28 November 2018
American prosecutors have announced criminal charges against two Iranian nationals accused of carrying out a ransomware campaign which affected hundreds of networks worldwide, following an investigation involving the FBI and the UK’s National Crime Agency.
The two men, Mohammad Mehdi Shah Mansouri, aged 27, and Faramarz Shahi Savandi, 34, are alleged to have infected over 200 victims, largely in the US and Canada, with the SamSam ransomware virus.
Among those affected were healthcare providers, public transportation bodies, shipping and local government services.
Since the beginning of their campaign in December 2015 they are believed to have taken over US$6m in victim payments, laundering the money through bitcoin exchanges. Two such exchanges now face sanctions from the US Treasury.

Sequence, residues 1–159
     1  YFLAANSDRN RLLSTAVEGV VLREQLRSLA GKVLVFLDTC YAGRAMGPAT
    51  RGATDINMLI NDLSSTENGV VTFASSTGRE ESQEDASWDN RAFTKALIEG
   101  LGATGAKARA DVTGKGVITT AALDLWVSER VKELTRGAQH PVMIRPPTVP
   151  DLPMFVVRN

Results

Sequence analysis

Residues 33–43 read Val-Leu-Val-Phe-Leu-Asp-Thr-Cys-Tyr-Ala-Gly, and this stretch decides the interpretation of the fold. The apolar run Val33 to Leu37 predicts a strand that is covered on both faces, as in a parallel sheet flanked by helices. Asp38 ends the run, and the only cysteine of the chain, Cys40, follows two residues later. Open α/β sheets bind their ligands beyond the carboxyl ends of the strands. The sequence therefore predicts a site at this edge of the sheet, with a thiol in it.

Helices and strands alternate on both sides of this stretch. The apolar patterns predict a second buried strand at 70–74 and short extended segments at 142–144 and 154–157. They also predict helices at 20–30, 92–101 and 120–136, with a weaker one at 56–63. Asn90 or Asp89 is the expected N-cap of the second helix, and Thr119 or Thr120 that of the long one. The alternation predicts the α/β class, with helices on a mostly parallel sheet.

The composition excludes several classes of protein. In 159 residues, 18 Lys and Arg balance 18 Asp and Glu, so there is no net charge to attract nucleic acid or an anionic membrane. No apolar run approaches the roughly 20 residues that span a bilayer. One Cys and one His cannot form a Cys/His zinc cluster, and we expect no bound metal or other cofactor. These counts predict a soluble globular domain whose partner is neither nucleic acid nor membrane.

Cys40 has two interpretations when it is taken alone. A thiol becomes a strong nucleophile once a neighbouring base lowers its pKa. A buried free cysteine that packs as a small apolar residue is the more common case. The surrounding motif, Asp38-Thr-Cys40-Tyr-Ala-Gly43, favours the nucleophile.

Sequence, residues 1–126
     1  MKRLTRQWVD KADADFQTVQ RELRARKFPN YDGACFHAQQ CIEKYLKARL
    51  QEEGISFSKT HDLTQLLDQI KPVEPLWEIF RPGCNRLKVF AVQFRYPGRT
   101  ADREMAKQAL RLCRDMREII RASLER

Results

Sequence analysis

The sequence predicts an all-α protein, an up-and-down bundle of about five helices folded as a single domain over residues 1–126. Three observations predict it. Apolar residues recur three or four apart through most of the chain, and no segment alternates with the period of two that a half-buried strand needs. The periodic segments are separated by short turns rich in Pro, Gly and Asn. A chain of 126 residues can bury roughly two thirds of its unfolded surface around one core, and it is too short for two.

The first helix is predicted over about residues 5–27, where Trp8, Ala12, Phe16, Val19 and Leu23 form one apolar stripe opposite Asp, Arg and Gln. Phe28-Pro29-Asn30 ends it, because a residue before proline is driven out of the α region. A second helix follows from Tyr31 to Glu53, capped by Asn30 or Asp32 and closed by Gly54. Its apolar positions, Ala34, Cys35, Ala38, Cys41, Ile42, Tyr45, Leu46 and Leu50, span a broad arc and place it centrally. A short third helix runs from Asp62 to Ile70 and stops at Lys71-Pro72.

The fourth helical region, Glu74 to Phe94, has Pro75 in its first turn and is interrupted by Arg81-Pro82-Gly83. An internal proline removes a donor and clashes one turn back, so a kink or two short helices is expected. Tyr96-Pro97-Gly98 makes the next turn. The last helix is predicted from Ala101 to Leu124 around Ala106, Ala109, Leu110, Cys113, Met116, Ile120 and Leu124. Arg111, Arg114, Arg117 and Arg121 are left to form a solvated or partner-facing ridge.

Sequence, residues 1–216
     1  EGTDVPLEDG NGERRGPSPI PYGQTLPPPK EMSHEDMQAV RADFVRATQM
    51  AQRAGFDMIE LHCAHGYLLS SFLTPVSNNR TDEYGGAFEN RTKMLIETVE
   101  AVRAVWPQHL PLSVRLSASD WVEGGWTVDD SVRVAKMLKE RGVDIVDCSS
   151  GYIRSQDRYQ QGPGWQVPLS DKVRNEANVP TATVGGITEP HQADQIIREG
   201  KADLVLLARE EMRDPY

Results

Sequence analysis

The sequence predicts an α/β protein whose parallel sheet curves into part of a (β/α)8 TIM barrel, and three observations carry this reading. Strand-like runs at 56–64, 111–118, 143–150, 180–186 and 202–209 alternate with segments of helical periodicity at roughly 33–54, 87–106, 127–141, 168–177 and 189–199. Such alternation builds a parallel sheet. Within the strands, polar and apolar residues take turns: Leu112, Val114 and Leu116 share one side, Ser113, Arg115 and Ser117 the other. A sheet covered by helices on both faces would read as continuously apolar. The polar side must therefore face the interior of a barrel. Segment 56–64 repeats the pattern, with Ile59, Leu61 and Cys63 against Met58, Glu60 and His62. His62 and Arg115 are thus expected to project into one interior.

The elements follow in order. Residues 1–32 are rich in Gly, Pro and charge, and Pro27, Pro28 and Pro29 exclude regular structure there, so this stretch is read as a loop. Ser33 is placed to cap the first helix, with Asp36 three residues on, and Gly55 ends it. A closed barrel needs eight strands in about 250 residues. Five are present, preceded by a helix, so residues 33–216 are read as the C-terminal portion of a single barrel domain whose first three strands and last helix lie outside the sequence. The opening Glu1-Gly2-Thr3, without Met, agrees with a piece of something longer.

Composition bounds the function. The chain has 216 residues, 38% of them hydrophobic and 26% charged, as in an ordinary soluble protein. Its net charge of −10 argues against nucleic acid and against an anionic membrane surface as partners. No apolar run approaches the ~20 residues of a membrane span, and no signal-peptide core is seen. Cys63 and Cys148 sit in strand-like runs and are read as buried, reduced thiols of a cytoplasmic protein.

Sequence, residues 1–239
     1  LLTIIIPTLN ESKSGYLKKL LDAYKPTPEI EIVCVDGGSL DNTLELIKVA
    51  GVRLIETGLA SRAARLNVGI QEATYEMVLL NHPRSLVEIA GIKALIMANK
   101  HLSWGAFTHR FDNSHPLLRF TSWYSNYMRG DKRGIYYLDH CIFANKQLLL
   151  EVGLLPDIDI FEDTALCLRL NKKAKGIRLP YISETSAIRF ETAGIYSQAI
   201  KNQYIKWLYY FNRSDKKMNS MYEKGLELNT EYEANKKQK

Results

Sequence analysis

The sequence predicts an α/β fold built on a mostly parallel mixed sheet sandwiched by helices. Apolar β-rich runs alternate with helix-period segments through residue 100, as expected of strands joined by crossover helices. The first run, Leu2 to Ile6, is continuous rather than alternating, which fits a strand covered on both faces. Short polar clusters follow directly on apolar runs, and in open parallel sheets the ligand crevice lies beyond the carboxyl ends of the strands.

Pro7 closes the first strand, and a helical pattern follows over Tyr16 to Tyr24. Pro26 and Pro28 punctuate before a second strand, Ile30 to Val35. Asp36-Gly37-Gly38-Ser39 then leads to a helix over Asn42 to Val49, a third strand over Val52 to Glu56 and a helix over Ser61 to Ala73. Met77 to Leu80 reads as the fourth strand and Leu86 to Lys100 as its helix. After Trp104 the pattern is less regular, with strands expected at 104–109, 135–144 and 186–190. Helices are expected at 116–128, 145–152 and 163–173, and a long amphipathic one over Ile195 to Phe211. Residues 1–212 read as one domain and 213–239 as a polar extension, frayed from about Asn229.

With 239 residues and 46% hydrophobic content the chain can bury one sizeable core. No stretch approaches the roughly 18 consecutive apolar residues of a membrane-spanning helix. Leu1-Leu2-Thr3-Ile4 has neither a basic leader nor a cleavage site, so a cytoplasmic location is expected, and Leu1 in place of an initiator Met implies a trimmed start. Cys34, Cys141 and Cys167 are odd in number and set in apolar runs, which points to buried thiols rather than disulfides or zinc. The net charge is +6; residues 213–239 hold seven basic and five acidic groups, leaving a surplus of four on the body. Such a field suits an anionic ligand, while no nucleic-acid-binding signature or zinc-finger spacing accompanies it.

The men are accused of using either brute force attacks or stolen login credentials to place malware onto the servers, the seemingly legitimate login to the network making the malware far more difficult to detect. Some of the stolen login details were bought on darknet marketplaces.
Once infected, users would find their computer encrypted, receiving a note instructing them to make bitcoin payments through a Tor hidden site. After paying, they would receive cryptographic tools to decrypt their network.
Both men are now wanted by the US authorities.
Mark Stirling, from the NCA’s National Cyber Crime Unit said:
“NCA investigators working with our US colleagues were able to determine that this crime group used UK infrastructure to carry out some of their criminality.
“Because of that we were able to providing the US with digital forensic evidence that was crucial to these charges being laid and the identification of those accused of running the SamSam ransomware campaign.
“It demonstrates once again that this form of crime does not recognise international borders, so it takes an international law enforcement response to bring the perpetrators to justice.”